There was an interesting moment during Gordon Brown's speech when he announced measures to tackle the gender pay gap. This year has been notable for its lack of leaks - which turned out to be because there was not much material to put out there. But there had been some noises about tackling women's low pay, and what these might be, was awaited with great interest. However, by the time I'd let out a beautific sigh and sat forward in my seat, the moment had passed.
I don't doubt it is possible to double the number of women with low skills in training - the only direct address to the pay gap I could identify. But I have a suspicion that something like this would be happening anyway, as part of boost in further education mentioned later. Brown is always good at wringing maximum impact out of his pieces of good news. But this particular Budget spread the glad tidings so thinly they sometimes looked more like a nasty greasy film.
There were a few minutes when that old Brown magic started working its charms nonetheless. As he started talking about new investment in education - which, for a moment, sounded like a promise to match forthwith the spending on each child in private schools - I began wondering why the Education Bill couldn't have been as sound and sensible as Brown's proposals.
Then I cottoned on to the fact I'd been slightly duped. You could, by building a new school, claim to have lavished on each child within it vastly more than is earmarked for a child in the private sector. But that isn't necessarily going to get them all thinking: "Andrew Motion is right. I should read Ulysses before I turn 18."
Certainly the schools infrastructure needs capital investment. But representing the investment in the way that he did, is not so very far away from buying a bendy bus and claiming you've given everyone on the bus route £500 to spend on transport. That oily film again, prompting a touch of nausea.
It's a shame really, that the demands of politics, and the demands of this grand set-piece event, tempted the Chancellor into overdoing the rhetoric quite so much. Because when all the overblown fanfare is stripped away, what you have is a Budget targeting the right places, within its limited means, and staying focused as much as possible on social justice.
The emphasis on lifting children out of poverty continues apace, with the Chancellor keen to ensure the next of his targets is squarely hit. Between them, tax credits, childcare vouchers, and the child trust payments for seven-year-olds, can make a real difference. So too, despite earlier cavils in this piece, can the extra money earmarked for schools and further education colleges.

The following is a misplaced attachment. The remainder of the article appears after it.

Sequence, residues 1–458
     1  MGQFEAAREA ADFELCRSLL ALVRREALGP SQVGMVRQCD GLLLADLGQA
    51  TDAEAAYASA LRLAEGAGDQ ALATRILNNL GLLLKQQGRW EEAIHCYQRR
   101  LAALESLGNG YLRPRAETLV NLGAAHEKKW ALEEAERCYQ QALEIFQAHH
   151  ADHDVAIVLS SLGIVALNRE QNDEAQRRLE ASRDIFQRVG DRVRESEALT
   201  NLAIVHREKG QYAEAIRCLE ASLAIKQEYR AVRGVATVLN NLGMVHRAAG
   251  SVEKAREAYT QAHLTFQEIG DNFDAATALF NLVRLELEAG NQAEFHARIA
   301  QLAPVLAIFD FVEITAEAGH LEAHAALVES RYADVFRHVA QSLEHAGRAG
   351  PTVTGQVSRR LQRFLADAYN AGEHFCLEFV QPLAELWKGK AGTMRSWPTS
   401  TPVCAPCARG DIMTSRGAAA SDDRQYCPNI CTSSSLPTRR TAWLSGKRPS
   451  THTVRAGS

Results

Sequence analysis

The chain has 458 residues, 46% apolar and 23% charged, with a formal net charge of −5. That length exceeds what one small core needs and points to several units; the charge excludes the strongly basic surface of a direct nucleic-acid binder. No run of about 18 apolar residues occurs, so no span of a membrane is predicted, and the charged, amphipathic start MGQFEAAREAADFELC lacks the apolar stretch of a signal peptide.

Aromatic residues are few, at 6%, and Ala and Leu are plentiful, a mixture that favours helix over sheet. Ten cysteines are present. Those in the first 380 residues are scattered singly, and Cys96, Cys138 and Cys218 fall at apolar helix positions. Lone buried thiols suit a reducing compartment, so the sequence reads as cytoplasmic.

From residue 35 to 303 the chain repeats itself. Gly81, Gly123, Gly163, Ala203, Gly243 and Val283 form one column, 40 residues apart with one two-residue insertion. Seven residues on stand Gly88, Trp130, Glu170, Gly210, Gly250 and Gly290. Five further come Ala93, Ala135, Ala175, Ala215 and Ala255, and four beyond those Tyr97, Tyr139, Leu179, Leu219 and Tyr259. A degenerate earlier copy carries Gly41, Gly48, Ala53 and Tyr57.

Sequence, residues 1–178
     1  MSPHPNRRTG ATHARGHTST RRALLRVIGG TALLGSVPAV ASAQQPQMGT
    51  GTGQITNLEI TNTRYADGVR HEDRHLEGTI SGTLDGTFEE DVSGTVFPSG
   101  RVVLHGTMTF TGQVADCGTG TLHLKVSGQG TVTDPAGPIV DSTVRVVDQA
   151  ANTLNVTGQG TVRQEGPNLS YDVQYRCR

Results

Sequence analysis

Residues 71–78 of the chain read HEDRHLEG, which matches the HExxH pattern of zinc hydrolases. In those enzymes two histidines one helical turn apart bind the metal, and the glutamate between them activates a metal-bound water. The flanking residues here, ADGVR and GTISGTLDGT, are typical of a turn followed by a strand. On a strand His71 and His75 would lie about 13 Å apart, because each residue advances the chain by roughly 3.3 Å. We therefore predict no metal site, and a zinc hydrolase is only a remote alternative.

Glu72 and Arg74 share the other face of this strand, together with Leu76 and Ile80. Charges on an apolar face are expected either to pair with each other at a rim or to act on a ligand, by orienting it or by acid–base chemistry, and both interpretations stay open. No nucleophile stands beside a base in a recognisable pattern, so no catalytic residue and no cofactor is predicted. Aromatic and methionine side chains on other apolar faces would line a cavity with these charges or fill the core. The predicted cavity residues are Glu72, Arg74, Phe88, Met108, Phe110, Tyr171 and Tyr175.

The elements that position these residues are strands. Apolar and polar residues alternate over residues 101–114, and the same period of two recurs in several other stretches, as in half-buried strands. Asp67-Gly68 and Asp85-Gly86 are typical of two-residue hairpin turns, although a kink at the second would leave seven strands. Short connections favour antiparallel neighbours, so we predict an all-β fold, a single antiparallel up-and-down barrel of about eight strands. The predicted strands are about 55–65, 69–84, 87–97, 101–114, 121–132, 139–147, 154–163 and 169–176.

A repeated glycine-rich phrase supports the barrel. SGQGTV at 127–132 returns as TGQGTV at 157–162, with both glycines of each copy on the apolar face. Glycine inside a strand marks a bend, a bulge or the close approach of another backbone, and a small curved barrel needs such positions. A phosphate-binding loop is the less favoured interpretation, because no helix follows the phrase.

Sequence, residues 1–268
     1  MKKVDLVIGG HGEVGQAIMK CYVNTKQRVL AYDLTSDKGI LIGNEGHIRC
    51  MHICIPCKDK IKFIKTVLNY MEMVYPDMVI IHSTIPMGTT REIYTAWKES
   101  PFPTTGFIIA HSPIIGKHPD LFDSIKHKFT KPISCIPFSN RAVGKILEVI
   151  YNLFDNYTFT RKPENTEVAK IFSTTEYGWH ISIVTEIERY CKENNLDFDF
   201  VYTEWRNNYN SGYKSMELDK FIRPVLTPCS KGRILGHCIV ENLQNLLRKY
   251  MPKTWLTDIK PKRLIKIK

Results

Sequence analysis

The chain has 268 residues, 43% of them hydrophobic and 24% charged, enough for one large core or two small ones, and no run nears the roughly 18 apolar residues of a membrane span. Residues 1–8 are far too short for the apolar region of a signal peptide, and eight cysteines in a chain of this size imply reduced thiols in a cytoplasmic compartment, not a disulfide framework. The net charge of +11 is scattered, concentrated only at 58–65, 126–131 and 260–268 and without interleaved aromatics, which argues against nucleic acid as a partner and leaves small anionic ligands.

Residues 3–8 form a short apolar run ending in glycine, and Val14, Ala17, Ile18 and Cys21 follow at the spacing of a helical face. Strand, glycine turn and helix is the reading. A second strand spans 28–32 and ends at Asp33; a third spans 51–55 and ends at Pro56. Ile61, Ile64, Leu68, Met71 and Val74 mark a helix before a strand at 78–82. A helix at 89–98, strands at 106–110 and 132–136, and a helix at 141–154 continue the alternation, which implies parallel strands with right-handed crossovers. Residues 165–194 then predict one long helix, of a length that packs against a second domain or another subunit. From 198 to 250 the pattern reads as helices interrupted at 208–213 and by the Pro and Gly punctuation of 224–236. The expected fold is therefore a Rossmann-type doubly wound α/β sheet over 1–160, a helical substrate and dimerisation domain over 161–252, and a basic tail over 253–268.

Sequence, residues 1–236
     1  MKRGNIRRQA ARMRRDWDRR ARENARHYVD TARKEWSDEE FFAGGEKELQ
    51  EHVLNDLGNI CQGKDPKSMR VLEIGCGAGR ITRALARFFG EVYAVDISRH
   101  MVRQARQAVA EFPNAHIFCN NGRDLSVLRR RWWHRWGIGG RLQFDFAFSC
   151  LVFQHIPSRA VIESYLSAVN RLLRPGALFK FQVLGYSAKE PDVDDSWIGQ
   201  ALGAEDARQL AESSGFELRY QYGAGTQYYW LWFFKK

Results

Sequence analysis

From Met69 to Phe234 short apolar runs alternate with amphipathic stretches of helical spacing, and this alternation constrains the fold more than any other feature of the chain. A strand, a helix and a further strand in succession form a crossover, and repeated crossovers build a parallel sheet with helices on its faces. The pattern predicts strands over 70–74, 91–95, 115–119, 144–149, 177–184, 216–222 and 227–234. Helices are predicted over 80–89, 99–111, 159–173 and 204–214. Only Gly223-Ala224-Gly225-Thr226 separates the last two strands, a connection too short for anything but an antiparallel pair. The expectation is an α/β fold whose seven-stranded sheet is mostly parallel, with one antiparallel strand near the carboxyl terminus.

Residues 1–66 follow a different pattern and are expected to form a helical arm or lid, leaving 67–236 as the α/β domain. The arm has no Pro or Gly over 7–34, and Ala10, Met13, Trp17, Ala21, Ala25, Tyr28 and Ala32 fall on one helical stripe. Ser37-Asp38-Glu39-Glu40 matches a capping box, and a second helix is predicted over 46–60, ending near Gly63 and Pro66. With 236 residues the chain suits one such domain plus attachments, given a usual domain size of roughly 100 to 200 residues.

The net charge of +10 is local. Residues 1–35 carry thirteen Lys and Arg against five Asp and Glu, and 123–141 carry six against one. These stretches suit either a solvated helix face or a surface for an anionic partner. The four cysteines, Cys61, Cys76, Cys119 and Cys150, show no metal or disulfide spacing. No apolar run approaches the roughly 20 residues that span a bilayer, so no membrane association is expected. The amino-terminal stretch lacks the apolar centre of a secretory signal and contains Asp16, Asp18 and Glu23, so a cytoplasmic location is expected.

The increase in direct payments to heads, for example, will do far more to assist them than the theoretical right to go it alone that Mr Blair and Ms Kelly have toiled so hard to deliver. Likewise, though it is less an strategy for closing the gender pay gap, and more an admittance that far too many children throw away their chances at school, the new funding for further education is great. Brown says he hopes adult learning grants will offer a second chance to school leavers who fall through the net, and offers free adult learning grants to anyone wishing to study at a further education college until they are 25. My feeling is that alone will "double the number of low skilled women in training." But if, as the Chancellor promises, it will result in them being able to make contacts with local business while still at college, it could, again, make a real difference.
A lot was conspicuous by its absence, though, and some shocking in its absence. Previously, the Chancellor has pledged to address the crisis in Britain's housing provision, and shortage of affordable homes. Some work has been done on this but nothing like enough.
So it was disappointing to see Brown is returning to his old sure-fire economy booster, and trying to bolster demand in the house purchase market by pumping more money into shared equity. This is a compromise option great for those who are in a position to take it up - and a 25 per cent minimum holding is admittedly generous.
But much of Brown's social engineering, by so very much favouring "hard working families" and the aspirant hard up, exacerbates some of our society's most deep-rooted troubles. It further isolates those who have the most intractable problems and the least ability to address them. This has a negative impact in all sorts of areas - from tackling disablism to reducing recidivist crime. As long as social housing remains at such a premium, a lot of these issues are never going to be adequately addressed.Reuse content